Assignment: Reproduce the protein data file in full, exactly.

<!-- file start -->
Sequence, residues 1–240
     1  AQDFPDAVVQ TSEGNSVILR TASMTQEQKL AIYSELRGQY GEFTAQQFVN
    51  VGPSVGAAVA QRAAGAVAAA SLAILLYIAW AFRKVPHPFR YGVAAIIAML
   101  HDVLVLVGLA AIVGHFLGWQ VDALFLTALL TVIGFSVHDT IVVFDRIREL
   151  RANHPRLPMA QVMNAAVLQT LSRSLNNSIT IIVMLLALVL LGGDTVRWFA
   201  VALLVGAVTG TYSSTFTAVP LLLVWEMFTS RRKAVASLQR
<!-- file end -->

Sequence, residues 1–240
     1  AQDFPDAVVQ TSEGNSVILR TASMTQEQKL AIYSELRGQY GEFTAQQFVN
    51  VGPSVGAAVA QRAAGAVAAA SLAILLYIAW AFRKVPHPFR YGVAAIIAML
   101  HDVLVLVGLA AIVGHFLGWQ VDALFLTALL TVIGFSVHDT IVVFDRIREL
   151  RANHPRLPMA QVMNAAVLQT LSRSLNNSIT IIVMLLALVL LGGDTVRWFA
   201  VALLVGAVTG TYSSTFTAVP LLLVWEMFTS RRKAVASLQR